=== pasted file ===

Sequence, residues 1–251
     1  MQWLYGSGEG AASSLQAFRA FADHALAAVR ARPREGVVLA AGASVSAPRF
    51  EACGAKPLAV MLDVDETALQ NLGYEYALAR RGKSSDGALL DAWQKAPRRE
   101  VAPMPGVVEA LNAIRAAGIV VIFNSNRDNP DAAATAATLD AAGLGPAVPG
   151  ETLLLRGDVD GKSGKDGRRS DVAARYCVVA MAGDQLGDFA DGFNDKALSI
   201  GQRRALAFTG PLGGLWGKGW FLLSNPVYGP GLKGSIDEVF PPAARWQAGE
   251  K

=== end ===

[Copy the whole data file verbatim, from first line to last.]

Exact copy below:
Sequence, residues 1–251
     1  MQWLYGSGEG AASSLQAFRA FADHALAAVR ARPREGVVLA AGASVSAPRF
    51  EACGAKPLAV MLDVDETALQ NLGYEYALAR RGKSSDGALL DAWQKAPRRE
   101  VAPMPGVVEA LNAIRAAGIV VIFNSNRDNP DAAATAATLD AAGLGPAVPG
   151  ETLLLRGDVD GKSGKDGRRS DVAARYCVVA MAGDQLGDFA DGFNDKALSI
   201  GQRRALAFTG PLGGLWGKGW FLLSNPVYGP GLKGSIDEVF PPAARWQAGE
   251  K